Surely our lives should be defined by the people we stand up for, not by those we seek to destroy? One of the early Quakers, William Penn, once said that “Love is the hardest lesson in Christianity; but, for that reason, it should be most our care to learn it,” which is not unlike the verse in Colossians, Chapter 2:13-19: “clothe yourselves with compassion, kindness, humility, gentleness and patience…and over all these virtues put on love, which binds them all together in perfect unity.”

May my friend wake up someday soon to a home that recognizes that which is holy in every living being. Happy birthday, Charles.


26 December, 2009

Tsunami: Five Years On

lisasinhalabanner5Five years ago today, I was still fast asleep when the 2004 tsunami swept over large parts of my island country, Sri Lanka. A friend called me from Washington DC, where she was working, to tell give me this cryptic message: “There was a tsunami in Thailand but don’t worry, your brother Arjuna is fine.” In a house where a TV existed but was rarely turned on, I had no idea what she was talking about. The first time I heard my oldest brother’s voice was when I listened to Lisa Mullins talking with him on The World. Somewhere in my archives I have the link to his interview and to the interview that preceded his, which is mine. It was an encapsulation of our two realities – mine, on the other side of the world, and his, having faced the tsunami. I’ll post the links when I fine them, but here is an excerpt of what he said:

When the first wave came in, we were happy that we were seeing something that was really strange, but it was a very mild wave. Then the sea receded back, and we didn’t know what that meant. It was like someone had pulled the plug on the ocean, and crags and outcroppings of rock inside the sea were visible for the first time in years. We just watched it, and I was taking photographs of it. Then came this massive wall of water…The night before, I had been dancing. It was Christmas. We danced into the wee hours of the morning. With everyone, everyone bonded. There were Finns, there were Dutchmen and Dutchwomen, there were Brits, there were Japanese – I actually won a dance competition. The next morning it was like it was a whole big family of 150 people…I was on top of the continental ridge on the Rocky Mountains when 9/11 happened. I saw only one thing. What I saw, was what I heard – silence. You know what that the silence was? The silence was that all the planes had dropped out of the sky – and in America, at any given moment, if you look up into the sky, there are at least 10 planes up there. There’s a drone, that nobody really notices, until the drone stops. My nation is silent right now.

Over the next year, thanks to a phone call from the then pastor at the Universalist Unitarian Church in Waterville I directed the Sahana Project, sahana-churchdisplaya tsunami-relief effort from the state of Maine. When I say I directed, it was mostly a matter of traveling around Maine speaking to people about my country and receiving in return, not only the donations that people sent in, but acquiring a clear understanding of how easy it was, in every situation, to find our common ground. Easy even when I was talking about Catholic convents teaching Buddhism to Buddhists to the Congregational Church in far Northern Maine, in Rangely. mtmerici-kidswebsitepixEasy when talking to the sixth graders who raised $2000 on their own by giving up their class trip and soliciting their donations. Easy when chatting with the high school students who gave up a dollar for the privilege of wearing a baseball hat to school. As easy when speaking to Maine fishermen who go out to sea in frigid waters unlike their Sri Lankan brethren, as it was to speak stars2to the hundreds of people who sent in books and toiletries for the kids of the village we had decided to rebuild on the Southern coast of Sri Lanka, and the ones who sent celebratory gifts, individually tagged, with personal letters, to the thirty-five families who were moving into their new homes a few days before the first anniversary of the tsunami.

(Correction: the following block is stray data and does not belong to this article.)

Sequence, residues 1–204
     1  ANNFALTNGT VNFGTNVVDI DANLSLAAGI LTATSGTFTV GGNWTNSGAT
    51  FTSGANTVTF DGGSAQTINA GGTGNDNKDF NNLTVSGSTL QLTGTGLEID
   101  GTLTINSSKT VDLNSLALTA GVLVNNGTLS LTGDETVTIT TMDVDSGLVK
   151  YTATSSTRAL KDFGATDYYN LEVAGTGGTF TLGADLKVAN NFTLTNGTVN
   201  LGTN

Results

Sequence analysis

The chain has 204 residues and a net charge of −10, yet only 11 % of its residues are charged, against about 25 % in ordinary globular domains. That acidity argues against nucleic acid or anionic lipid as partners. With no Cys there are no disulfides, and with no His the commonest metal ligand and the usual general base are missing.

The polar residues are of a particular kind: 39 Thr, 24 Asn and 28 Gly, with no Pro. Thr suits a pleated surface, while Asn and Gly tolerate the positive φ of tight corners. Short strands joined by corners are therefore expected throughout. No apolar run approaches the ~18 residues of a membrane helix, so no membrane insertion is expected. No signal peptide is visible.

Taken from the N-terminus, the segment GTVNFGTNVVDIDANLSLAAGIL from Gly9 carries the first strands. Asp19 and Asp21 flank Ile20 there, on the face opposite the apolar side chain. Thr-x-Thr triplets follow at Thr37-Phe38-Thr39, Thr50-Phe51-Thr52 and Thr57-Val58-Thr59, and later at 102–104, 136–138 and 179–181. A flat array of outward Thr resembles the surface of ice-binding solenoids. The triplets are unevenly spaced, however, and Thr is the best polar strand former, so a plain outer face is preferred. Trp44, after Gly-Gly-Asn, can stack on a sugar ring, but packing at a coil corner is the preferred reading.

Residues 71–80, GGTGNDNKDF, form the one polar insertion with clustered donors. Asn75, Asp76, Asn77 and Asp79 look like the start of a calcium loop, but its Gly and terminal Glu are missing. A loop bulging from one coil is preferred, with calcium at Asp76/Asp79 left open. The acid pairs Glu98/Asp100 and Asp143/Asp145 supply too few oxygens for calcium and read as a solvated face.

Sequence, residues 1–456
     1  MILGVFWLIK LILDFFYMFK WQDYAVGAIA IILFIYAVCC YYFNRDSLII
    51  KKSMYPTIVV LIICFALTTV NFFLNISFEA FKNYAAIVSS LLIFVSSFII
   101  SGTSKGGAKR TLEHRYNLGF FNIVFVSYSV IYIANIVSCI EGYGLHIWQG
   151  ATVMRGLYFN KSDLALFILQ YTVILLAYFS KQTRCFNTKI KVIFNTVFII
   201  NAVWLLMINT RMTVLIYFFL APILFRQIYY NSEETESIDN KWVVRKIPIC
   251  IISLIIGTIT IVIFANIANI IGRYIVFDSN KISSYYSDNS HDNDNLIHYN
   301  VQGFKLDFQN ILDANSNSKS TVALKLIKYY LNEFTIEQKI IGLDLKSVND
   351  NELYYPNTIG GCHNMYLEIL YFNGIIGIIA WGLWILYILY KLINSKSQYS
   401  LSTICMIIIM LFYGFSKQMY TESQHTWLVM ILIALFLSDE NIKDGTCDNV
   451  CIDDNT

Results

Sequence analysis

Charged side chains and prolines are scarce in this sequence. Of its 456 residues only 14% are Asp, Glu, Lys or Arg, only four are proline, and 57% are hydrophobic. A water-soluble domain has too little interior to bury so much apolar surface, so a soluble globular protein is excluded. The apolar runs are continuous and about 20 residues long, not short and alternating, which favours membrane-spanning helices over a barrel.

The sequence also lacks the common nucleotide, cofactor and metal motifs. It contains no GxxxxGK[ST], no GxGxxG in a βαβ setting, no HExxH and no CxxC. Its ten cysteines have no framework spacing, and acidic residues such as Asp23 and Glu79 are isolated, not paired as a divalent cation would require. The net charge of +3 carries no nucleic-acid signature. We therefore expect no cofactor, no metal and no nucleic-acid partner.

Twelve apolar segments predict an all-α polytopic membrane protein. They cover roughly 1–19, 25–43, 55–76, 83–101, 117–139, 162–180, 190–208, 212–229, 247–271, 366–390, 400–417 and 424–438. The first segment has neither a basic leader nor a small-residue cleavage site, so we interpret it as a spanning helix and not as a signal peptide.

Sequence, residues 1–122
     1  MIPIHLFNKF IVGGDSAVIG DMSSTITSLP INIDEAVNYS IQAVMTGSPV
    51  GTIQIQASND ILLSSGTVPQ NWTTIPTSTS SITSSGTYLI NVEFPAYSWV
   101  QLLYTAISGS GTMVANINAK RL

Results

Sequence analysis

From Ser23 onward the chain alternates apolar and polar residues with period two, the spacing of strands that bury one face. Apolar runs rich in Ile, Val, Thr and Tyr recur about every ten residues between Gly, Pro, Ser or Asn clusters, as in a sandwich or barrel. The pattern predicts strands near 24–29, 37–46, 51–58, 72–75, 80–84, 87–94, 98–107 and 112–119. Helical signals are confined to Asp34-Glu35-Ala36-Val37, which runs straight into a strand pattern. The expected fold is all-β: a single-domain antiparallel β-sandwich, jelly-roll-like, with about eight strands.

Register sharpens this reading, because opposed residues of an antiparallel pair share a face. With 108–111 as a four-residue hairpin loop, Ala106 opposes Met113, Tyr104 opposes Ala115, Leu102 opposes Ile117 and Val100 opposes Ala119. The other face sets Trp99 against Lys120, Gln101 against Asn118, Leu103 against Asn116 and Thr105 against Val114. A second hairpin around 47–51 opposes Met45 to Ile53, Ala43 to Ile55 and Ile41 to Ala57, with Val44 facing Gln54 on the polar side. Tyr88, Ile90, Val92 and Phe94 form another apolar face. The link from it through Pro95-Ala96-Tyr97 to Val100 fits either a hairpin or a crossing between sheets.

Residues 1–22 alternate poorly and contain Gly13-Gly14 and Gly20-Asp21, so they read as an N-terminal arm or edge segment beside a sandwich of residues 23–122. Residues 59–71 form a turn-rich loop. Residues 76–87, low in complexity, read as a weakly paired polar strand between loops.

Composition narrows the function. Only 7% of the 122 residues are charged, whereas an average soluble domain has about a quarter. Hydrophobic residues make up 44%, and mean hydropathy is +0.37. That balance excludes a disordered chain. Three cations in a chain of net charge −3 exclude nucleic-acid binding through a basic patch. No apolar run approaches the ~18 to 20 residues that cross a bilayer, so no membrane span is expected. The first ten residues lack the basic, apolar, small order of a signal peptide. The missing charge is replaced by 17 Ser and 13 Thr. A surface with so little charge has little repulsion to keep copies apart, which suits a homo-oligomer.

I recollect all this today because of all that was right about the Sahana Project. It had a fiscal agent, the UU Church, and it had a volunteer board comprised of individuals who had a history of commitment to community causes, juliabluhn-2including Mark B. Tappan and Lyn Mikel Brown of Colby. It had someone “from there,” i.e. myself, who could talk not only about the need at hand but about the country and culture, and make it a real place for the donors. It had a small state where people were willing to trust in someone’s word, to believe that if I said I was going to use this money to rebuild a village, that is what would happen. It had a local organization in place, namely the Green Movement of Sri Lanka, willing to channel all of the funds collected toward rebuilding and none of it for administrative or operating costs. It had someone we trusted, my brother, to liaise between the Greens and us.

thornton2It was one of the most fulfilling experiences of my life to watch civic organizations, community groups, private and public schools from Mt. Desert Island to Waterville to Kennebunkport, colleges like Bates and Colby, businesses like the Flatbread Company in Portland, churches and individuals who often did not have much in common with each other, come together to place their bit of the puzzle in the frame. Was ever a village rebuilt with such love? thomas9I don’t know. What I do know is that those thirty five homes contain the music of the zils and hip-scarves of belly-dance troupes, the laughter of Maine-born kids and the compassion of adults from age 18 to 90 who may never see what they made possible.

Visiting Sri Lanka for the opening ceremony in 2005, I wrote back thus: